In the course of edits, things change. This scene at this length didn’t make it into the final book, though a much shorter version did. Dwight is a secondary character, although he does get a few POV scene, and good things happen to him.
But it’s still kind of fun and I thought I’d share. Jon and Ricky have just *coughbrokenupcough* and Jon needs to be somewhere else in the worst way when Dwight attracts his attention by being shlumpy.
Never in his wildest dreams had Dwight considered monopolizing Jon’s attention over Ricky.
Then again, he was only a pawn in Lover’s Spat 1.2, second level.
“First we find you some better glasses and a haircut,” Jon decreed in the elevator. “Is that prescription current?”
“Yes.” The optometrist had tried to get him to switch frames, but these fit his face so well, Dwight had resisted. He steeled himself to parting with them at last on the cab ride to Jon’s first destination, an optical shop.
“Try these.” Jon handed him another set of frames with small, rectangular lenses. “I don’t care if they feel weird; you’ll get used to them.” Dwight tried them on and turned. “Do you like the wire or the tortoise better? Because that’s the only choice you get.” He’d confiscated Dwight’s aviators and made sure the staff had run back to the lab to get the prescription from the lenses.
“Uh….” He had no idea which he liked better—they were both too strange on his face and he couldn’t really see himself in the mirror.
“Get both.” Jon handed the frames to the optician who waited on them with a slightly glazed look. Dwight understood exactly—Jon in “force of nature” mode was only to be obeyed. “Take care of this for us, please.” Dwight peered myopically at the credit card slip he had to sign. The total made him gulp but he wasn’t about to argue. “Ready in an hour? Fine, we’ll be back. Come on, Dwight.”
But his glasses were still back in the—too late. Jon had dragged him out the door and hailed another cab. “Haircut. Emil will fit you in.” Dwight had to trust Jon to get him to their next destination, a place he could only identify by the amount of time they spent in the cab; he couldn’t see anything at a distance. Jon’s guiding hand on his arm had to be for mercy—he’d bumped into a bicycle rack once—but the touch burned. Dwight allowed himself to dream that it was an affectionate hand, even if it guided him into a hushed shop that smelled of chemicals and screamed “expensive.”
“Ah, Jon, back so soon? Was all not satis—?” The slender man in the white smock did a double take; Dwight could detect motion quite well.
“A good styling for my friend, and a shave, please, Emil.”
With no more than that, Dwight was fed into the machine of the shop, tilted, shampooed, snipped, tilted again and his face wrapped in a hot, wet towel with only his nose showing before getting fragrant cream slathered on and dangerous weapons held to his neck. He tried to breathe shallowly and trust that the hand wielding the straight razor knew its business. He hadn’t noticed any blood on the floor when they came in, but he couldn’t see much, either. The incredible smoothness that greeted his questioning hand once he’d been returned to the upright and unmutilated position told him he’d been shaved by a master. The tab he signed meant he wouldn’t be treating himself to such indulgences often, but he could certainly get a sharper blade to use at home. Maybe that could entice someone—Jon, even?—to stroke his chin for the pleasure. As for his hair, he had to let Jon’s approving comments be the mirror he couldn’t see.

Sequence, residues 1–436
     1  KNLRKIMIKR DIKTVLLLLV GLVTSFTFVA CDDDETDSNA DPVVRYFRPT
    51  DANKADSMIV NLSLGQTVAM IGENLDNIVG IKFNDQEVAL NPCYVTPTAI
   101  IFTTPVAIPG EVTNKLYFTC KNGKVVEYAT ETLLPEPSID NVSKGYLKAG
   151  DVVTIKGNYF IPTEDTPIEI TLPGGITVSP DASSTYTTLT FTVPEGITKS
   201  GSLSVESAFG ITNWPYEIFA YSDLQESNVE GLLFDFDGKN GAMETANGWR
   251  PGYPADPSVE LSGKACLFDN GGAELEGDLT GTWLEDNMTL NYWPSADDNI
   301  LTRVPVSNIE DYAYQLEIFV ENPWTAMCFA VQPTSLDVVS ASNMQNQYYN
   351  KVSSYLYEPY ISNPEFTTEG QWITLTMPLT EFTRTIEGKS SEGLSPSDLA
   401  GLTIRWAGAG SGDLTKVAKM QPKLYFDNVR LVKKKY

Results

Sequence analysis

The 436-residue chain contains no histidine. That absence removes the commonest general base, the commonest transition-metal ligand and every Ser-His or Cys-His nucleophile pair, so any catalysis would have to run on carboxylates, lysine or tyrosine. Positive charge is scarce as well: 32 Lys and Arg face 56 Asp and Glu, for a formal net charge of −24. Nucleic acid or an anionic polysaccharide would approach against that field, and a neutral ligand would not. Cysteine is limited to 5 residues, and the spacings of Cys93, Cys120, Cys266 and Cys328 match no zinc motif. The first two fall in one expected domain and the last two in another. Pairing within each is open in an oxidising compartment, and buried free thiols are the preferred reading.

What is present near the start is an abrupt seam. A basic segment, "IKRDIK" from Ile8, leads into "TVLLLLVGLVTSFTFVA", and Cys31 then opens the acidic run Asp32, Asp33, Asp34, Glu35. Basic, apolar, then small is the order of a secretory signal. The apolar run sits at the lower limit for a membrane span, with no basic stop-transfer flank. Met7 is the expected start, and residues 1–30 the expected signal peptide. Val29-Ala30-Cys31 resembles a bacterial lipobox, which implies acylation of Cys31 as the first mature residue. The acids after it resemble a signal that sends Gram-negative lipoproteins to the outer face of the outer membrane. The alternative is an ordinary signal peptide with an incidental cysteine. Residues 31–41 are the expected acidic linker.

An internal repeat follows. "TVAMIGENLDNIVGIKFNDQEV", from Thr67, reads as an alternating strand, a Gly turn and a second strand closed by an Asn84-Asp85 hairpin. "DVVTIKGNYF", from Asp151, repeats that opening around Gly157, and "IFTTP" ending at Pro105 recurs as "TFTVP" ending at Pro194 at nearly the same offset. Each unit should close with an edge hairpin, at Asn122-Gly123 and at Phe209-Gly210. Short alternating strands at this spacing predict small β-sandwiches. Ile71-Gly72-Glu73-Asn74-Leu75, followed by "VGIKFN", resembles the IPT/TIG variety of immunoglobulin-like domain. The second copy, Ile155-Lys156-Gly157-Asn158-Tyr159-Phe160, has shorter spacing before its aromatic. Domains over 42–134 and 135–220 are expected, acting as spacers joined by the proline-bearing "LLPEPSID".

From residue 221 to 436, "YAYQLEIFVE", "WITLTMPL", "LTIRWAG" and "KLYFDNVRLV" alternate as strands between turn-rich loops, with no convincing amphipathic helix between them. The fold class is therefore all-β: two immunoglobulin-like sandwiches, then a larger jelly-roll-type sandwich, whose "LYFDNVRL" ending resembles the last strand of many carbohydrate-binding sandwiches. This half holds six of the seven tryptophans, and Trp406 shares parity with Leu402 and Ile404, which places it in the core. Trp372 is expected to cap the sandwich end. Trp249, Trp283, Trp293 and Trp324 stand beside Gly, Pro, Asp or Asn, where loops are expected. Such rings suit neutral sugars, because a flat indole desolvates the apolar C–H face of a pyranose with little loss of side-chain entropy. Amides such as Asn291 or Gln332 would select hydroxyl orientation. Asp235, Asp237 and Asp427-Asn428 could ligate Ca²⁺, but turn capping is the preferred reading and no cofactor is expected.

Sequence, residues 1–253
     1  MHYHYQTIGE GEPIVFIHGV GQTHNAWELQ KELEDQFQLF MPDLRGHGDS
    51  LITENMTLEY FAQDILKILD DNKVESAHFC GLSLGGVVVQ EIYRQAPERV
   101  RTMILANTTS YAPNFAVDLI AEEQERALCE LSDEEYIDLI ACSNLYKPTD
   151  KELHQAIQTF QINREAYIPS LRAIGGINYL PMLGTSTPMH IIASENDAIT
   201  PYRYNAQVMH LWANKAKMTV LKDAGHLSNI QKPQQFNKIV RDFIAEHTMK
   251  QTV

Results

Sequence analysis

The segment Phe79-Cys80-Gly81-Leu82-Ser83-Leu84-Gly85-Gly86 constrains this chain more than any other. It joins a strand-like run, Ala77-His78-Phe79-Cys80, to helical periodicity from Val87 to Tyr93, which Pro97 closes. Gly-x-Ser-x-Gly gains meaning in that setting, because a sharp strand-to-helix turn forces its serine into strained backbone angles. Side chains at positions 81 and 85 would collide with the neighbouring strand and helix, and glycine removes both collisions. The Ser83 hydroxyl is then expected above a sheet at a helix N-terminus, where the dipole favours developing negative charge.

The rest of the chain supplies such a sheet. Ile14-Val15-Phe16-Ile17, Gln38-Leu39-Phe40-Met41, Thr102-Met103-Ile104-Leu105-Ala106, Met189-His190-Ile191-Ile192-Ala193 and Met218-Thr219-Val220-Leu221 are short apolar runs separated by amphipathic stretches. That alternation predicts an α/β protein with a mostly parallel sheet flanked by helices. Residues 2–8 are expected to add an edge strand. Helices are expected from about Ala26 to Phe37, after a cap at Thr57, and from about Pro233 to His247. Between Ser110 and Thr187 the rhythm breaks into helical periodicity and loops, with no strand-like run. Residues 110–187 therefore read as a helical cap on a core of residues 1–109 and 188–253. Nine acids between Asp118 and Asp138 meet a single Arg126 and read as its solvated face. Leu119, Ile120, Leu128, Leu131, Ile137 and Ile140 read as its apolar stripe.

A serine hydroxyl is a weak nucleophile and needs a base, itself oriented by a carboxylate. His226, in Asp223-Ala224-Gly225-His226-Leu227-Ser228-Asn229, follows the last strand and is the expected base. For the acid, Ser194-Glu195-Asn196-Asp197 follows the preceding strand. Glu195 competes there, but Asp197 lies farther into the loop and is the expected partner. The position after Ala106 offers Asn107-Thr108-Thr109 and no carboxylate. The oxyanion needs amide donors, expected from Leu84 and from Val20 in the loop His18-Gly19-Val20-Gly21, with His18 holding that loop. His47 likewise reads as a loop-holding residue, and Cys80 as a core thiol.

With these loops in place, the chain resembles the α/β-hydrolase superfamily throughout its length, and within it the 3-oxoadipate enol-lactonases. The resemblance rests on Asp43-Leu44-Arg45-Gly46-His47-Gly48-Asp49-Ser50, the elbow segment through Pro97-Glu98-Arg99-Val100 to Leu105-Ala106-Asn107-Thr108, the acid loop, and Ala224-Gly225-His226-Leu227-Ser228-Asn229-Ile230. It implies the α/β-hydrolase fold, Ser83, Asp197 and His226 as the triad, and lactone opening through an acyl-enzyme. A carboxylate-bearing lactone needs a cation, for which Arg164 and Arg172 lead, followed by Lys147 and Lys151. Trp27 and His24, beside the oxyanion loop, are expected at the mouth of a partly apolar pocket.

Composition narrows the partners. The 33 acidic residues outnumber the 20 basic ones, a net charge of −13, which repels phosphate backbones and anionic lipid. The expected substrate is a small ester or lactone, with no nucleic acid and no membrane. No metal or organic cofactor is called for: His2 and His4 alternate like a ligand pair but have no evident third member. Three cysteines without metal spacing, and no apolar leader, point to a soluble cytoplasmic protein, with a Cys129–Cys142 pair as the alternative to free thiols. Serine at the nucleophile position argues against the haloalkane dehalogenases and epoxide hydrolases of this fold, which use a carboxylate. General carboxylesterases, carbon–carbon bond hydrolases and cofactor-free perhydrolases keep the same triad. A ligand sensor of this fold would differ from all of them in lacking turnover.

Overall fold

“Clothing now.” Jon dragged Dwight around the corner and into a storefront with screaming neon “SALE! SALE! SALE!” on the glass.
Surprised that the cut-rate store didn’t give Jon an asthma attack, Dwight peered at the racks. “Huh?”
“Shmatas for exercise—sweat goes on cheap shirts just fine.” Jon insisted Dwight buy shorts too. Dwight hoped Jon would never see him wear them. “Now for business wear.”
“Are you going to dress me like a doll while I’m blind, or can we go back and get my glasses?” Dwight objected when Jon stuffed him into another cab.
“Considering how you dress when you can see, we can do without them.” He took mercy and directed the cab back in the direction they’d come. “You do need to see details and what to look for on your own.” But Dwight’s newly restored vision through strange small lenses didn’t help him make sense of the racks and racks of clothing marked with names he associated with glossy magazines that he didn’t read. Jon had dragged him into a store he’d never entered.
“Look, now.” Jon pulled three shirts off the shelves. “Collar shape matters. This one’s too casual for your needs, this one doesn’t go with the sort of knot you put in your tie, and see how the points face on this one? Buy this kind. Size.” Dwight wanted to shrink under Jon’s critical inspection, aimed now at neck and down, only because from neck up had been sartorially rearranged to Jon’s satisfaction and Dwight’s inability to recognize himself. “Ahem!”
Dwight stood straighter—he’d let the very first injunction slip, but worked on owning his space. Jon nodded approvingly and motioned the sales clerk over. “A little help in sizing?” There would have to be some paybacks for that—the man whipped out a tape measure and applied it here and there, including to diameters that Dwight had never measured, figuring his waist would be calibrated in light years. Jon didn’t seem to notice, though, only consulting with the clerk about yokes and flare.
“The only reason we’re even looking at ready-to-wear shirts is because I saw your face back at the barber shop.” Jon piled another shirt into the stack Dwight was holding. “A custom shirt is about two and a half times the cost but it will look and wear infinitely better. I’ll take you to the tailor after the next bonuses come out, okay?”
Dwight nodded, grateful that his real estate dreams wouldn’t be pushed back more than a year after this shopping excursion. He’d consoled himself that it would only be six months, but that was before Jon led him to the racks of suits.